We’ve all experienced some office-furniture-related pain while working long hours at a desk. But it’s tempting to ignore the daily aches and pains when you’re just plain busy.
Whether you’re a wellness professional in charge of helping others stay healthy or simply a victim of the 21st century trying to avoid fatigue, following a few simple guidelines can help you significantly improve your workspace.
Why Should I Care About Office Ergonomics?
The goal of office ergonomics is to design your office work station so that it fits you and increases your comfort, productivity, and efficiency. An ergonomically correct office work station will help you avoid fatigue and discomfort – and who doesn’t want that?
Neck and back issues from working at a desk—or on a laptop—are a painful reality for many of us. Desk pains do surprisingly significant financial damage, too. Almost $1 billion every week is spent on work-related musculoskeletal disorders in the US, and most of them are caused by small flaws in body positioning.
Luckily, that also means these damages are preventable by tweaking your work environment!
Making an effort to avoid desk pain is essential to creating a thriving workplace. Research shows that when employees are comfortable in their physical environment, they’re more productive and motivated by the work they produce.
The good news is that you’re not doomed to a career of neck and back pain or sore wrists and fingers just because you sit at a desk.
As a physical trainer and Kinesiologist, here are my top tips on relieving pain while working! Use this five-step approach to set up an ergonomic desk and add a little more zen to your day.
1. Watch Where You Look
Keep your monitor at eye level. When your monitor is above or below the field of vision, your neck falls out of alignment. The muscles in the neck work best when all of the neck’s discs are stacked on top of each other. To achieve alignment, make sure your screen sits right at eye level at an arm’s length away.
Another neck saving tip is to hold your phone instead of wedging the phone between your neck and shoulder. Getting a handsfree headset or using speakerphone when working with your hands on the phone can prevent head, neck, and shoulder problems over time.
2) Check Your Elbows
One of the most important things many of us miss when we are building an ergonomic workspace is where our elbows rest. If you haven’t set up an ergonomic desk, you could be too far away from your keyboard and mouse.
The most straightforward change you can make is to get a chair with armrests. This will support your posture and reduce fatigue from the daily grind. When choosing a chair, also check to make sure that your feet can comfortably reach the ground. Feet planted firmly on the ground prevents a lot of potential low back pain down the line. If you don’t have access to a chair that makes it easy for your feet to reach the ground, think about getting a footrest. Remember, a significant portion of your life might be spent in this position!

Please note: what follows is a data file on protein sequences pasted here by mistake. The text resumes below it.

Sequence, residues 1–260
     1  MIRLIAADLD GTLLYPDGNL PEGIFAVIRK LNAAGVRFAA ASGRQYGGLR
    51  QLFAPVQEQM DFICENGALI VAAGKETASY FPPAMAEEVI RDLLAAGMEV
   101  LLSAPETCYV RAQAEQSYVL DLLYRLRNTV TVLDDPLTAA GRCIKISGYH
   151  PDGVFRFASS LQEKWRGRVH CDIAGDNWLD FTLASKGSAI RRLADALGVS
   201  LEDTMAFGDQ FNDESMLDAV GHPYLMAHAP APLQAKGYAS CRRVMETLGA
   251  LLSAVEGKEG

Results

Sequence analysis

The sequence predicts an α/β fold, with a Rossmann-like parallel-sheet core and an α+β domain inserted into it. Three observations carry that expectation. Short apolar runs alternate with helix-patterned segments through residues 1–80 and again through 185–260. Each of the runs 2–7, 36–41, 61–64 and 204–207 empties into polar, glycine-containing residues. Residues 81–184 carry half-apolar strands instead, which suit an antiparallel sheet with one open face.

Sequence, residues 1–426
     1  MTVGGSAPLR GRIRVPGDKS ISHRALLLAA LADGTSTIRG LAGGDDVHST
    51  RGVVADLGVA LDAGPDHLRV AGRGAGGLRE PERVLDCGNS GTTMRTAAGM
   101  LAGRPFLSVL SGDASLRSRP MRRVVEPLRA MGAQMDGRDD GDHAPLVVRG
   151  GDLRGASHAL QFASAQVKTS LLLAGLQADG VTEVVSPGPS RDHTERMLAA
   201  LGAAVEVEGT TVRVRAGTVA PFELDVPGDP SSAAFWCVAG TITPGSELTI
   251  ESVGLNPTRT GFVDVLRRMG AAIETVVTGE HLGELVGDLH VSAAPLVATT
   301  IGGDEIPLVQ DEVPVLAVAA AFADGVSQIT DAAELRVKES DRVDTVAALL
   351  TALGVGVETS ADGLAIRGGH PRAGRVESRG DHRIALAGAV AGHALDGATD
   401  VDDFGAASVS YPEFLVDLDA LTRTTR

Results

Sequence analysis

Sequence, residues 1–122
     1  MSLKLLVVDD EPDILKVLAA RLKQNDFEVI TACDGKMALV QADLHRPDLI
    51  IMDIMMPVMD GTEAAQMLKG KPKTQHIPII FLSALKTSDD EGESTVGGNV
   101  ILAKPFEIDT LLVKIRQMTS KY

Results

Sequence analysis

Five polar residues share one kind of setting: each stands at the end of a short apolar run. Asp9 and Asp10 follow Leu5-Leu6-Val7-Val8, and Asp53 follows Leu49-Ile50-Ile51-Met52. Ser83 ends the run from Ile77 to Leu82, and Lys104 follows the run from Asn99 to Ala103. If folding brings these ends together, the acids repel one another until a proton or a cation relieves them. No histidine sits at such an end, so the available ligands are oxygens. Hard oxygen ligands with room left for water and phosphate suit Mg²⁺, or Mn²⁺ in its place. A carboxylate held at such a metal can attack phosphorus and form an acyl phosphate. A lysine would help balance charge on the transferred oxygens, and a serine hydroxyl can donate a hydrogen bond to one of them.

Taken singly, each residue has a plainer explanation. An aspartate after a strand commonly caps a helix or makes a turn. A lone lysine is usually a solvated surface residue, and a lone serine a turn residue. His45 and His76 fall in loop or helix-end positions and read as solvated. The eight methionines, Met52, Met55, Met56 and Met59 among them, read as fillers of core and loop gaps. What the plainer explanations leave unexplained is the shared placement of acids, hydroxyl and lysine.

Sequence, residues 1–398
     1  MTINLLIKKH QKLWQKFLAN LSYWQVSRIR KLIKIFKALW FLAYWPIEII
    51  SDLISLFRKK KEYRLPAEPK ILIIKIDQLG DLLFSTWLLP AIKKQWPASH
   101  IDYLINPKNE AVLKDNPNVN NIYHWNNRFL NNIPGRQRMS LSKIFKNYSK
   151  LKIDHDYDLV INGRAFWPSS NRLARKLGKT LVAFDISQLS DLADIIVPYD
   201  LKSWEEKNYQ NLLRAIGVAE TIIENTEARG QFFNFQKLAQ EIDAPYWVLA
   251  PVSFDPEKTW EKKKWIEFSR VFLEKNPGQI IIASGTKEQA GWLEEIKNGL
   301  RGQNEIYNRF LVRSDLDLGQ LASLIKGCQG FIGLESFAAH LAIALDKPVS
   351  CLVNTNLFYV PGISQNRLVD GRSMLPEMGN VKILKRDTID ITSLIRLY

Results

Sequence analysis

3. Avoid the Bad Kind of Stretching
In the same vein as above, make sure that everything you use is within easy reaching distance.
When your arms are stretched continuously out to type or move your mouse, it causes the muscles in your arms, elbows, wrists, shoulders, hands, and, most importantly, your neck can suffer. You can reduce overuse in these areas by making sure your typing position keeps your elbows bent at a 90-degree angle.
If you store things on your desk, make sure you don’t need to stretch to reach them. Items that are used infrequently can ignore this rule, but for things that you use consistently, make sure you can reach them easily.
4. Master the Art of Sitting
Remember to sit up straight, or better yet, stand!
If you do opt to sit, make sure that you are seated all the way back in the chair. Sitting upright and back gives your chair the ability to support your lower and upper back. Letting the chair do the work will help improve your posture and prevent head, neck, and shoulder pain. Likewise, sitting in an upright position with your shoulders relaxed and head looking forward will keep you comfortable in and out of the office!
5. Keep it Moving
Make it a point to get up at least once an hour to walk around. This is essential to keeping your body in check. No matter how ergonomic your desk is, our bodies are still built to move. Even if you only get up to grab more coffee or run to the restroom, the movement makes a big difference in your health!
About the Writer: Pete Haglund has been a personal trainer and a Kinesiologist. Today, he serves as a Client Success Manager at Selene Marketing, where he helps wellness practitioners help others.